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Discussion Starter · #1 ·
Ok here it is -- for some background:

7 gal Minibow
Aqua Clear 200 HOB w/ surface skimmer attachment
Carbon Only in the HOB changed every other week (to help w/ chemical warfare problems)
50 watt heater
2 x 28 watt 50/50 PC's from Hellolights

1 1/2" SD sand
10 lbs or so Carribean LR
With LR and sand approx 6 gals of H2O

approx 30 different type of corals -- over 35 individual specimens --- this works out to be approx 5 - 6 corals per gallon --- comparing a tank w/ 2 corals per gallon is apples to oranges -- these corals are a mix of softies, LPS and SPS

a few various critters -- snails ect...

No Crabs
No Fish

1 gal water change every 7 -14 days as tank needs cleaning. (regular IO salt)
RO water for makeup
Kent Tech CB --- 2 ml part A and 2 ml part B every morning.

No other addatives
No feeding of anything

Tank has been up and running for 2 months. Most corals seem to be doing good w/ noticable growth. There have been three corals that have died. This was very early after their introduction into the Minibow so there demise can be attributed to something other than feeding.

There are critters in the LR which produce reef snow. There is a healthy POD population since there are no fish consuming them.

I will continue running this tank as is. There is only room for a few more coral additions and they will happen as I collect corals that will seem to work.

My website in my sig has a complete livestock listing. The pics on the website are a little old. I will get new pics posted to my website in a week or two when parents visit w/ digital camera.
 

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But without a control, the test would only prove it could be done, it wouldnt give an indication on growth or health impact.
 

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Discussion Starter · #3 ·
That is true.

I do not believe my growth will be as good under PC's as it would be if under MH w/ a skimmer and feeding.

For me this is to prove it can be done w/ some degree of success not necessarily the most optimum growth.

In that small of a tank w/ that many corals if you had explosive growth you would be trimming back evey week (something I'm not interested in doing).

Besides many corals grow much faster under our artifical system then they ever would in the wild and hence also have a much weeker coral skeleton. Borneman actually went over that point for a few min at our lecture last year.

And it's not that the corals are being starved -- It a more balanced system -- one that I don't have to feed.
 

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>Besides many corals grow much faster under our artifical system then they ever would in the wild and hence also have a much weeker coral skeleton. Borneman actually went over that point for a few min at our lecture last year.

I dont agree with this without some more data to back it up, there's other reasons the skeletons grow weaker in our systems.

I've got a 5g minibow that I feed heavily, I've done 2 water changes sense I set it up back in april/may however, the corals I keep are different from yours, I have mostly softies..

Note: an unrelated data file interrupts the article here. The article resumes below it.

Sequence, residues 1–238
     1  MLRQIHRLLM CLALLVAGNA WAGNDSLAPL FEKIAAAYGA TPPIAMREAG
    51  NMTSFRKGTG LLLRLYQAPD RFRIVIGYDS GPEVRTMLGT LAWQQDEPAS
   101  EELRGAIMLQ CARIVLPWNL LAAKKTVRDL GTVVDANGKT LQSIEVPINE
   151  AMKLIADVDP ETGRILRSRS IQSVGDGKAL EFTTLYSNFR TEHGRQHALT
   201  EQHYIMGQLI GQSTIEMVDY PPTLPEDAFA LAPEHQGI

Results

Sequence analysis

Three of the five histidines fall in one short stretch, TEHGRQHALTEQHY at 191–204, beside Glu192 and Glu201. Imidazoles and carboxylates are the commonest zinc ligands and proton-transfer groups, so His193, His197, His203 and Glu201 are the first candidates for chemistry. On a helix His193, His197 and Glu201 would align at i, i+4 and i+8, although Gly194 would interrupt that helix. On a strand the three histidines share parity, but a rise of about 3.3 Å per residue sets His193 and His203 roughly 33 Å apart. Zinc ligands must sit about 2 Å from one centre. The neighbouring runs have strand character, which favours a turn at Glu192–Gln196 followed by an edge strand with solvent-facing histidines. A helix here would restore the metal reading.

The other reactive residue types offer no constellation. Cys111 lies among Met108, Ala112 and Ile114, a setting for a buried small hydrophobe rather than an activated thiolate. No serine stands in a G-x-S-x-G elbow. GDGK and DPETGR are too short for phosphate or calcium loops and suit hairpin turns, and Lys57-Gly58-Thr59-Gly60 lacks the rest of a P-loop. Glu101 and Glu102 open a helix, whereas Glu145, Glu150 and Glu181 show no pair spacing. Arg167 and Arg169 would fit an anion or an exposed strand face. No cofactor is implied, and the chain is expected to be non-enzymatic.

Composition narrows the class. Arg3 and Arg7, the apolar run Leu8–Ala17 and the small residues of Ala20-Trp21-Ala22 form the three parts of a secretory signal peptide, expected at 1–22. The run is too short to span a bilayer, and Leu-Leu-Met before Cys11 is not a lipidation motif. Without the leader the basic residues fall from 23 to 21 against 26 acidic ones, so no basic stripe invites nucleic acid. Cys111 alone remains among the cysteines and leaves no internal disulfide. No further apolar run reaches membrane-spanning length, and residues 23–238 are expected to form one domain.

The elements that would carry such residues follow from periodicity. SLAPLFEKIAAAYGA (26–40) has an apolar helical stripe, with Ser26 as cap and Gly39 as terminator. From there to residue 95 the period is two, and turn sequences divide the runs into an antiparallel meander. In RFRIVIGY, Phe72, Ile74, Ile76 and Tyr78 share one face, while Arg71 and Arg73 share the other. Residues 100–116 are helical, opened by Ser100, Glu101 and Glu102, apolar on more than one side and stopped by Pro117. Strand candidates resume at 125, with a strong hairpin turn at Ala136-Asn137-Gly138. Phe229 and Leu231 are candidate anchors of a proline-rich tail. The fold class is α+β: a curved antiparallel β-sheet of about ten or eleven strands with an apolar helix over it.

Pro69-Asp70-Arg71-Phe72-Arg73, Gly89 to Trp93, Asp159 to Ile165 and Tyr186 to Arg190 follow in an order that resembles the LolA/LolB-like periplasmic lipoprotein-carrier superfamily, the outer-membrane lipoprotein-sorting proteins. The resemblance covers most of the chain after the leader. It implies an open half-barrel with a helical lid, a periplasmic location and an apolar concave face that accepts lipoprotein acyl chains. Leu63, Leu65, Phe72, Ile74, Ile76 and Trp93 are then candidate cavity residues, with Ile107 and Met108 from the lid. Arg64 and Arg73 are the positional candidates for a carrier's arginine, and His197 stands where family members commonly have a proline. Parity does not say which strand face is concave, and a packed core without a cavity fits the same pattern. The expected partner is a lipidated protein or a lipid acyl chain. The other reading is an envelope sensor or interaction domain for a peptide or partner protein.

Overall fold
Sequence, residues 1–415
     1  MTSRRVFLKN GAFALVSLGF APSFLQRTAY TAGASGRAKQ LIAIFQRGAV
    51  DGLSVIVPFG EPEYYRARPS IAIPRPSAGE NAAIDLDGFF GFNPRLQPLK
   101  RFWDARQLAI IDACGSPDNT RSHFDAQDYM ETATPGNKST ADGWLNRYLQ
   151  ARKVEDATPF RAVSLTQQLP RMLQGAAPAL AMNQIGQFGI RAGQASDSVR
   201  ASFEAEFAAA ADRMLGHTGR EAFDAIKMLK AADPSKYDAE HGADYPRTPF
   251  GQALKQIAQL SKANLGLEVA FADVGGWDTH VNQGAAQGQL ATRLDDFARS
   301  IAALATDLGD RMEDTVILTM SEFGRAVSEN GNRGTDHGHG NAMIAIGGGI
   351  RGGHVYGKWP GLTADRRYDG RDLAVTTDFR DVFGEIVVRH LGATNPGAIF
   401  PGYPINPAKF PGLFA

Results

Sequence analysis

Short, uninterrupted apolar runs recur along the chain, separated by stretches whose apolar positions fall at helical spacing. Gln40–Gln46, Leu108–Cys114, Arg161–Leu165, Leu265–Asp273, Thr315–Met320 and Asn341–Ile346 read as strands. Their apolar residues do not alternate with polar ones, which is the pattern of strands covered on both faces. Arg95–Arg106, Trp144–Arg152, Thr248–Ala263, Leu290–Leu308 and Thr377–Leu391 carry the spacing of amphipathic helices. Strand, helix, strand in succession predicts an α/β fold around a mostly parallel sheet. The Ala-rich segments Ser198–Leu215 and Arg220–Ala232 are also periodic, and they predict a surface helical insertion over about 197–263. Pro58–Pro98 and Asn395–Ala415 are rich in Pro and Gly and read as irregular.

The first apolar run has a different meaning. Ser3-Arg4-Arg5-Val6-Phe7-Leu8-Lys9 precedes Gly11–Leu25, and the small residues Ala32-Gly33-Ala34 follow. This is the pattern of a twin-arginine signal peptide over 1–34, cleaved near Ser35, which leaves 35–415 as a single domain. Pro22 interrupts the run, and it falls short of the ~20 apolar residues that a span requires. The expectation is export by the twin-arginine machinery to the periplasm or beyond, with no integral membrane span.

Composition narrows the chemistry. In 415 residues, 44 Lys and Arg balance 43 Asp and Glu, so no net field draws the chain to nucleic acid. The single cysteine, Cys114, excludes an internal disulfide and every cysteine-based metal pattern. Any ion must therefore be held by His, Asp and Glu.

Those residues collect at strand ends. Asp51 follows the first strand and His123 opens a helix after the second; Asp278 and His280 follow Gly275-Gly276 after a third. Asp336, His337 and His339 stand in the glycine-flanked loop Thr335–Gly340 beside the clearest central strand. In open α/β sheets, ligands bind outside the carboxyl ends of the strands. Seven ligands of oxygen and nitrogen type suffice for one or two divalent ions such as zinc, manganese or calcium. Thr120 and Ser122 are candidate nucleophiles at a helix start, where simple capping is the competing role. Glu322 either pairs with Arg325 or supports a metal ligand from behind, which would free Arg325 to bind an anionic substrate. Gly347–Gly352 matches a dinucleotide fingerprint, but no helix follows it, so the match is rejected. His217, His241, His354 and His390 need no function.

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I wanted to point out that I am not an advocate of NEVER feeding your system. I only pointed out on the original thread that I have a 55 gallon system that I never feed. Let me describe the system.

I have been running this system for over 3 years. About 6 months ago, it suffered a setback when I moved to Atlanta. All the mushrooms, zoos and bristle worms were "cooked" when the temporary heater in their holding bucket stuck on. I am in the process of rebuilding the system. Before the setback, it was a thriving system.

The inhabitants were/are shrooms, zoos, hermits, an emerald crab, and snails. I had a clown fish in it for a couple years but not for the last year. It doesn't have a sump and uses a single maxjet 1200 for circulation and a Prizm skimmer as the only filter. Lighting is 1 40W Actinic and 1 40W full spectrum light. Before the mishap, the system grew shrooms, zoos, coraline algea and sponges like crazy. It isn't flashy but the coraline and shrooms are quite a beautiful sight.

The point I am trying to make is that feeding a system is a matter of goals that you have for the system. If you want to keep a "Crest Environmet" system, you will need to feed more than other areas of the reef. If you want to see fast growth, you probably need to feed more food (but be prepaired to remove more waste). Just as the reefer has choices to make on inhabitants, lighting, water movement, nutrient export, they have a choice to make on the amount and type of food introduced. My 55 gallon system uses "home grown" food. :)

BTW, I didn't set out to create a non feeding system. The 55 was setup as a holding tank for some live rock I aquired. Over the months that the rock was in holding, I noticed the rock was thriving in the low light, low current environment. It is at that point when I decided to maintain it as it's own system.
 
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